Myth 7. PMDD is Just Super Bad PMS
The onset of PMDD symptoms may align with the luteal phase of your period, but that doesn’t minimise the impact of these symptoms on your overall health and wellbeing. If you find that changing moods, menstrual-related depression or anxiety becomes unmanageable over the course of your period, it’s really important that you speak to your doctor. The same goes for If you find that you’re more anxious than usual, suffering from panic attacks or having depressive or suicidal thoughts during your period. Please know that no person deserves to feel any sort of pain, anguish or sadness, whether it’s caused by your period or not.
Myth 8. PMDD is Not Treatable
Er, *buzz*, wrong! PMDD is a treatable condition. Although it may seem daunting at first, you really need to seek medical attention for symptoms of PMDD. Whether your condition requires medication, hormonal treatment or lifestyle changes, or a combination of all three, is up to you and your doctor. Bear in mind that this is a recognised condition and there is help available for you.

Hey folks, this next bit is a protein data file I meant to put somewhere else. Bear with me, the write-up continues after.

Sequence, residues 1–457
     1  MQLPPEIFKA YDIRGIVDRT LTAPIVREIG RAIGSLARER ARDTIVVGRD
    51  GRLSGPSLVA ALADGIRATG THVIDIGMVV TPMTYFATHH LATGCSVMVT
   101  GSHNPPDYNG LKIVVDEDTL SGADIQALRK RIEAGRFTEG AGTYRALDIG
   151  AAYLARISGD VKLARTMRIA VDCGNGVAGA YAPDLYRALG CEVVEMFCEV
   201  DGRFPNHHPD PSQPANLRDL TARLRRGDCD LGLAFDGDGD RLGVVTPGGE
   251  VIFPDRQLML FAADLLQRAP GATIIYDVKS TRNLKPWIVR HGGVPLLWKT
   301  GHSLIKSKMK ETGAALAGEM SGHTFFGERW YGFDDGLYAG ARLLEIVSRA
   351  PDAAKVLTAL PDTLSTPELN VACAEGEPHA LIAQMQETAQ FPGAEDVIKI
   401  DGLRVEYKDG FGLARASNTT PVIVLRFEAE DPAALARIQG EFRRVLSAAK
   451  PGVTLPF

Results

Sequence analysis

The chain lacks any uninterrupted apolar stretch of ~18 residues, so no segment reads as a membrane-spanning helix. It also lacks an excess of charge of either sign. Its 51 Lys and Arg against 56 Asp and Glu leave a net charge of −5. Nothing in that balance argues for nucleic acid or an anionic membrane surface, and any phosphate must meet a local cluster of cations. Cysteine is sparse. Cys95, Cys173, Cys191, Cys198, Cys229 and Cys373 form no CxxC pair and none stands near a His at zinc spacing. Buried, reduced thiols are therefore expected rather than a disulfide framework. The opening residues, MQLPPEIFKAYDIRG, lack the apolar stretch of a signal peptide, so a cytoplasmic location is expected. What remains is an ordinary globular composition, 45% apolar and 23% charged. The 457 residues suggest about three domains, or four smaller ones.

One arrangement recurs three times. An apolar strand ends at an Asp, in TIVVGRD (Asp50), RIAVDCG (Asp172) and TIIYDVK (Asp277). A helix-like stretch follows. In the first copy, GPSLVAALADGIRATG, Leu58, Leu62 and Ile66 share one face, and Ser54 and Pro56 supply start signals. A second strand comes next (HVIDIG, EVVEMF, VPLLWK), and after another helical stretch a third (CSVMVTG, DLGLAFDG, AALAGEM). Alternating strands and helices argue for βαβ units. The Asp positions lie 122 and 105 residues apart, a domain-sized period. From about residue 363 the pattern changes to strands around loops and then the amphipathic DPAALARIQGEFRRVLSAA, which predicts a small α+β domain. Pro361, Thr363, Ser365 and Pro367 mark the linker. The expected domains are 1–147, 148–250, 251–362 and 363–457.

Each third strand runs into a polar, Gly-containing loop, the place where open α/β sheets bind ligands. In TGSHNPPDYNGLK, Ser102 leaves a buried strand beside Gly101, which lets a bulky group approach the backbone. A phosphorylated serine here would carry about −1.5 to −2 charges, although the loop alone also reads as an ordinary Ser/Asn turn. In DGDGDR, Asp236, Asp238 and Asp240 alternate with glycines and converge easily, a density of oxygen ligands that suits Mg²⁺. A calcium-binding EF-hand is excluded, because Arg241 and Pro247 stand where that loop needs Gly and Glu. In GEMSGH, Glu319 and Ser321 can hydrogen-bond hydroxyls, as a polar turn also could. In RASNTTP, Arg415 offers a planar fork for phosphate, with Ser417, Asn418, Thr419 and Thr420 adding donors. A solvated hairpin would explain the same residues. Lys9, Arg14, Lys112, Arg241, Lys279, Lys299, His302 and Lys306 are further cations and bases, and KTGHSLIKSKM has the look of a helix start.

Myth 9. PMS Can’t Make Depression Worse
We really wish this one wasn’t true. If you have pre-existing mental health conditions like anxiety, OCD (obsessive compulsive disorder) or depression, it is highly possible that your symptoms intensify over the course of your period. Many people report feeling a definite reduction in their ability to concentrate before and while they’re menstruating (phew, it’s not just us). It’s also possible that if you experience irregular bleeding, menorrhagia (heavy bleeding) or dysmenorrhoea (painful periods), you may struggle with additional fatigue, insomnia and anxiety.
Concerned about your mental health, or that of a friend’s? Suspect you have PMDD? Here are details for people seeking more information and help with their mental health.